“I don’t see you as disabled.”

The comment seems innocent enough, right? Maybe even a compliment. It’s meant to let someone know we aren’t focused on their apparent difference and want to assure them that we don’t see them “that way” — as something less than or as part of the stereotype.

As I have become more vocal about my own limb difference, my disability, over the past few years, I have had several people say to me directly, “oh, I don’t see you like that; you’re not really disabled,” as though they are doing me a favor by not including me in “that” group. But, I do have a disability (as a matter of fact, 1 in 4 adult Americans do; we are the largest minority group), and it took me a long time to accept that part of myself, over half my life. So, I am not insulted to be part of “that group”; I actually have a sense of belonging now that I spent years without.

And yet, I am left to wonder why we do this to groups who have been marginalized– why do we other each other? Perhaps, it’s because we don’t want to label someone who doesn’t match our definition of “that” group. Telling ourselves, you are different from the stereotypes I have learned. Your difference doesn’t compute with what I have been told about that group, so it causes dissonance forcing me to say you aren’t “that.” In fact, I believe I’m doing you a favor; you don’t have to be “that.” And, if we assume the best intention, it’s meant to be a compliment.

Unfortunately, that’s not how many of us take it; it’s not how I take it anymore. I hear that I shouldn’t want to be part of that group because I am better than that. And, part of my identity isn’t important because it’s uncomfortable for you and what you believe to be true about that group. My difference doesn’t matter. My story and my struggles don’t matter. My lived experience doesn’t matter. It is another way of forcing me to hide, hold shame, and cover that part of myself by not acknowledging my difference and all that goes with it. The “compliment” is not so innocent; it’s actually hurtful.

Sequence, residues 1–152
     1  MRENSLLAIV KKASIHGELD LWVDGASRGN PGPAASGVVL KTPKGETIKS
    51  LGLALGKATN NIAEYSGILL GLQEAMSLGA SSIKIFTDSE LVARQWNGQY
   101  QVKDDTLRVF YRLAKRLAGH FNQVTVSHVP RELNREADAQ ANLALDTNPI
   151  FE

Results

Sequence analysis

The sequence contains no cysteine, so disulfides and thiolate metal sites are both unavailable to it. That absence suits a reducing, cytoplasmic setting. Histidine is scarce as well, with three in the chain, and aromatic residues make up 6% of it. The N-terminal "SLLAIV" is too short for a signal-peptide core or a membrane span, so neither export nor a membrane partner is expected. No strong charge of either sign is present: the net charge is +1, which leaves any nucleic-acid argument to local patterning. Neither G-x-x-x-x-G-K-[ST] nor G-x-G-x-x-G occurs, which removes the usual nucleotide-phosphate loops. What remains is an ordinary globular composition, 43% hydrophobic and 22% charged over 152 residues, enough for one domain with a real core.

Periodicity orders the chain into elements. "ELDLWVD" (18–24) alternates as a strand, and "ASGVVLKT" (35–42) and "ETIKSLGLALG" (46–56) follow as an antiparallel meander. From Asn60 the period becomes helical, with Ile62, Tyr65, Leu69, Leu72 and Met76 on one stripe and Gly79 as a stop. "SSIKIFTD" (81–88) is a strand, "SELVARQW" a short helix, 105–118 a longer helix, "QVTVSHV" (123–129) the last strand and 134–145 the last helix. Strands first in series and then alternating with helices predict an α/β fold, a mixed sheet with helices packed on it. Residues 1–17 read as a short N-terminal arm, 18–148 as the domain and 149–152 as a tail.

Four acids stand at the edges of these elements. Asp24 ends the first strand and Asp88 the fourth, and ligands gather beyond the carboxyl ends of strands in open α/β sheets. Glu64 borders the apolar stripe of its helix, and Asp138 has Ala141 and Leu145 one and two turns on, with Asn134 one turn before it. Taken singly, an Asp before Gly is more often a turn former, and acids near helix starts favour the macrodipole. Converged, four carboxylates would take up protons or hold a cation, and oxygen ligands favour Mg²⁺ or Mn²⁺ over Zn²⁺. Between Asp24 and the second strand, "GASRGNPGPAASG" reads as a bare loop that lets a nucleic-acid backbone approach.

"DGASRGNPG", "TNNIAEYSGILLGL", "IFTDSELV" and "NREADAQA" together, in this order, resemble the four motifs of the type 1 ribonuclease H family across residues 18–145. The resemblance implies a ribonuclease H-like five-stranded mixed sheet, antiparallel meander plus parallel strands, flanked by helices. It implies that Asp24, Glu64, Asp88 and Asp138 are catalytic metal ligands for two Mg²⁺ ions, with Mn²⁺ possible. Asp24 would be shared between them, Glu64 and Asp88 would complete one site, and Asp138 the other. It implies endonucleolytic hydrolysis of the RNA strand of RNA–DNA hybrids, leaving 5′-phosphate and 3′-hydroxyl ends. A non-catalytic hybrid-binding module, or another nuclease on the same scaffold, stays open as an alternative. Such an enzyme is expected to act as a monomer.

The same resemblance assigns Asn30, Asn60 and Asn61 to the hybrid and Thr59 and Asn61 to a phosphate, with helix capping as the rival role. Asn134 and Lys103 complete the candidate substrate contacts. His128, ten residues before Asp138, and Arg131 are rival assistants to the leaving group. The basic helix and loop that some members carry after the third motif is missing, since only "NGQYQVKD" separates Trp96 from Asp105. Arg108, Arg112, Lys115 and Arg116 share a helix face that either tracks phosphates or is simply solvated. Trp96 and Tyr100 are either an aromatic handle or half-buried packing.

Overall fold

As I reflect during Disability Pride Month, maybe, we need to start by expanding the word: disability. I am proud of my disability. To me, disability means being part of something rather than feeling isolated, alienated, and alone. It’s my version of “The Ugly Duckling” fairytale finding my swans– belonging, acceptance, and connection. To me, disability means strength and fortitude, even when things are tough. Disability means overcoming challenges and creatively thinking outside the box for solutions. Disability means owning a piece of myself and recognizing that it’s not all of me. I wear my disability like a badge of honor now. Yes, I have a physical disability.

Just as I had to get comfortable and change the definition of disability in my head as something that has strength, that has ability, that has voice, I ask you to help me change the language around disability.

Rather than not seeing me “that way,” I ask you to:

  • Acknowledge my difference but don’t treat me as different.
  • Appreciate my lived experience and be curious about it when I share.
  • Understand that I may need accommodation or support, not as a weakness, but as a strength. Also, realize that it can be challenging for me to ask for the support.
  • Help me reset the definition of disability by recognizing its strengths and realizing that disability itself is multifaceted –it can be visible and invisible.

I own my disability. I own my difference. I am part of this diverse world.


  • Ruth Rathblott

    Expert| Inspirational speaker on diversity, inclusion, belonging; nonprofit executive

    Inspirational Speaker Ruth Rathblott is an award-winning CEO who is committed to creating inclusion for all. She is a leader who has spent her entire career focused on providing opportunities for those who face obstacles. Ruth was born with a limb difference and currently speaks on issues of inclusion and diversity, the gifts of being unique, the freedom of accepting your differences, and rising above life’s challenges. Ruth has been a leader in nonprofit organizations for more than 25 years; 15 of which she spent at Big Brothers Big Sisters of New York City, where she played a central role in its expansion. It was here that she fostered a deep appreciation for inclusion within education and opportunity, which successfully propelled the students to greater achievement. For the past eight+ years as CEO of the Harlem Educational Activities Fund (HEAF), a NYC-based college access and success program for underserved youth, she directed the HEAF vision of providing a continuum of educational, developmental, leadership, and personal resilience opportunities. She currently serves as a Board Member of The Lucky Fin Project. Ruth holds a Bachelor of Arts degree from Goucher College and a Master of Social Work degree from Boston University. She was honored as the youngest alum ever awarded the Goucher College Excellence in Public Service Award. In 2014, she was given the Smart CEO Brava Award and profiled as a CEO in the NY Times Corner Office, which featured her passion and motivation for “things I want to be a part of.”  Ruth has also been identified and received the Trailblazer Award from the Community Resource Exchange in 2019, and the Unsung Hero Award from the Female Founders Alliance in 2020. In addition to Corporate Speaking Keynotes, Ruth received Certification from American Management Association in Diversity, Equity, and Inclusion (2020) and has been a guest on several Webinars and Podcasts — including Sree Sreevisan, Mayshad, Tevis Trower, et al — in 2020-21.